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High Court to Hear Political Debate Case

Media: Justices will decide whether fringe candidates must be allowed to participate in contests televised publicly. Lawyer says broad inclusion is impractical.


WASHINGTON — Agreeing to hear an appeal from the public television industry, the Supreme Court said Monday that it will rule on whether fringe candidates have a free-speech right to appear in TV debates sponsored by state-owned stations.

Lawyers for the public broadcasters say a ruling giving candidates a free-speech right to appear could drive political programming off public channels.

"A glut of candidates often will make such programs impractical to produce," one lawyer told the high court. In some states only 25 signatures are needed to get on the ballot.

The ruling, due next year, will not directly affect stations such as KCET-TV Channel 28 in Los Angeles, which is licensed to the community and run by a nonprofit board. These stations, like commercial channels, have the editorial discretion to decide who will appear on the air.

However, in 21 states, most of them rural, the public TV network is licensed to the state and run as a state agency. Many of these state networks include dozens of local stations.

The 1st Amendment restricts the government, not private people. Last year, the U.S. appeals court in St. Louis said state-owned public TV stations are government entities and, therefore, cannot discriminate among qualified candidates when they are holding a broadcast debate.

The case began in 1992 when the Arkansas Educational Television Commission refused to allow independent candidate Ralph P. Forbes to join the Democratic and Republican candidates for a congressional seat in a televised debate.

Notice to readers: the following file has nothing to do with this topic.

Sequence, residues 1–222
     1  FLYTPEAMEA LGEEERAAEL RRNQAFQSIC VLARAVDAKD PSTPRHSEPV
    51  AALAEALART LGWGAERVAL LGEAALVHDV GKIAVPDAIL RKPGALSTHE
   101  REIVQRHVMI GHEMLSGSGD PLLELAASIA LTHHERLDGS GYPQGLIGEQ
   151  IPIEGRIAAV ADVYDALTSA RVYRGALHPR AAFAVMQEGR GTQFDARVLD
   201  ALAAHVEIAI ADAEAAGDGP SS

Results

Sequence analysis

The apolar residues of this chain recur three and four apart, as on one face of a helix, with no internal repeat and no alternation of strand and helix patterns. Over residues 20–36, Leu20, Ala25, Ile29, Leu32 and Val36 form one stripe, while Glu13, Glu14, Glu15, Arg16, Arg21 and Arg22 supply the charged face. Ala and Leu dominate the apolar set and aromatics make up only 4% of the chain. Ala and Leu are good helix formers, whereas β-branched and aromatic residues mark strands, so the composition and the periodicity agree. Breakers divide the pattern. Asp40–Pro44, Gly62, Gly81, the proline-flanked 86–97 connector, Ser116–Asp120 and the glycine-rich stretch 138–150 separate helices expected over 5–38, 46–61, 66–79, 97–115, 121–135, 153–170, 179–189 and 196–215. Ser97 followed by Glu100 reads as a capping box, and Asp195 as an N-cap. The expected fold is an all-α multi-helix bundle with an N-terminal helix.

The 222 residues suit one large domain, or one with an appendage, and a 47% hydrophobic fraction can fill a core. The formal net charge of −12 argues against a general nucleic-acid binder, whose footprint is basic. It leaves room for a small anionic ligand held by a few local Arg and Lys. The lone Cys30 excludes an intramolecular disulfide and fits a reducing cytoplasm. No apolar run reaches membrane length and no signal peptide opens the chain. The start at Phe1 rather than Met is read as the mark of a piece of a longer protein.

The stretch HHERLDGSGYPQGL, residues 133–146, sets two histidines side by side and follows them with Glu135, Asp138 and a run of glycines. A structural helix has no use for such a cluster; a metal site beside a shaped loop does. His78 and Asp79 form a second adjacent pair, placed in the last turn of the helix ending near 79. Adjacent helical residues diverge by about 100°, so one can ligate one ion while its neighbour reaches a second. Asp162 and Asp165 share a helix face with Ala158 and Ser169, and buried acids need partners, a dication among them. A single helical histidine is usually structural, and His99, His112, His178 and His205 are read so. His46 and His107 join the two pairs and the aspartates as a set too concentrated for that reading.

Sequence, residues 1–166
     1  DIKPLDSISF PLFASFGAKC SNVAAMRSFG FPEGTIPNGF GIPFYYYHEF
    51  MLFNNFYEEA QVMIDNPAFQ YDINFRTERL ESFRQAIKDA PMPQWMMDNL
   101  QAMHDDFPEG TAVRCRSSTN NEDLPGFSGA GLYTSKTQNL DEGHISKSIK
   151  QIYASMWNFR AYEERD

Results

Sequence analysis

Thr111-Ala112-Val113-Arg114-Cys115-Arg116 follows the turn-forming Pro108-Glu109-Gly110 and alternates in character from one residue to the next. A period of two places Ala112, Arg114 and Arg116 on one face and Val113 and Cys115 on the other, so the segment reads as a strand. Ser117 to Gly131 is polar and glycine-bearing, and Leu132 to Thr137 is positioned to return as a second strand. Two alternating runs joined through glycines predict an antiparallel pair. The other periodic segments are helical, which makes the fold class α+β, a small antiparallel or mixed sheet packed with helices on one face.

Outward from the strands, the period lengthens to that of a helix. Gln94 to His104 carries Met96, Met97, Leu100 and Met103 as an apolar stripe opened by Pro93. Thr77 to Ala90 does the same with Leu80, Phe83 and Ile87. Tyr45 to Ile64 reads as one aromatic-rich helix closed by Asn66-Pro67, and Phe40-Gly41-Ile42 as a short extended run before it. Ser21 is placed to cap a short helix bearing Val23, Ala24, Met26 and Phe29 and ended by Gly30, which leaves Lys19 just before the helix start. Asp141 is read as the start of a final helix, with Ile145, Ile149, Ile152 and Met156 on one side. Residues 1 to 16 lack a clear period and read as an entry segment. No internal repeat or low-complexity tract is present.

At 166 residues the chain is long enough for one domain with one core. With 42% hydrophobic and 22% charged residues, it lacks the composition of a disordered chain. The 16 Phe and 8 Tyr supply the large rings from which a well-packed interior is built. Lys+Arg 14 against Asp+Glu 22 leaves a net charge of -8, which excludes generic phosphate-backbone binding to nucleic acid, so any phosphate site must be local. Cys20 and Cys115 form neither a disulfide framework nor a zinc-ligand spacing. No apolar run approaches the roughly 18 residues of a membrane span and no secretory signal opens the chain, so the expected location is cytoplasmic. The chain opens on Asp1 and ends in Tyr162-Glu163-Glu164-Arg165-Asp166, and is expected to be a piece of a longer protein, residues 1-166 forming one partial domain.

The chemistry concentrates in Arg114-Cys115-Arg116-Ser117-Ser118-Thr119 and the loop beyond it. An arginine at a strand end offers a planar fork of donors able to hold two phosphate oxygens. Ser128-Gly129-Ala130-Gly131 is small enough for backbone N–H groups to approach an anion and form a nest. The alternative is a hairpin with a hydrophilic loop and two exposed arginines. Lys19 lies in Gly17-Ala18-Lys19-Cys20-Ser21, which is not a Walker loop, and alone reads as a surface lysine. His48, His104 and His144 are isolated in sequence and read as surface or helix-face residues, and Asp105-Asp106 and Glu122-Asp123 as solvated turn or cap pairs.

A former member of the American Nazi Party, Forbes did not have significant backing and was not a "viable" candidate, the network said.

But Forbes filed suit, contending that the exclusion violated his free-speech rights. He won before the U.S. 8th Circuit Court of Appeals.

"We have no doubt that the decision as to political viability is exactly the kind of journalistic judgment routinely made by news people," the appeals court said. "But a crucial fact here is that the people making this kind of judgment were not ordinary journalists. They are employees of the government."

The Clinton administration and the Federal Communications Commission urged the justices to hear the case and reverse the lower court. The FCC said two-thirds of the nation's public TV stations are licensed to states.

The appeals court said a debate among candidates creates a type of "public forum" in which free speech must be allowed. The Supreme Court has used the "public forum" phrase to describe an area, such as a public park, where the government cannot allow some speakers while banning others.


But the Justice Department said a TV debate is not a public forum open to all. "A structured debate between two major candidates for a given political office . . . is a news program designed to meet the viewing needs of the licensee's broadcast community," it stated. Sponsoring a debate "does not create a right of access to every peripheral candidate who wishes to appear on television."

But a lawyer representing Forbes said the court should uphold the free-speech rights of candidates. "The government should not be in the business of picking our candidates for us," said Kelly Shackelford of the Virginia-based Rutherford Institute.

The high court will hear the case of Arkansas Educational TV vs. Forbes, 96-779, sometime next fall.

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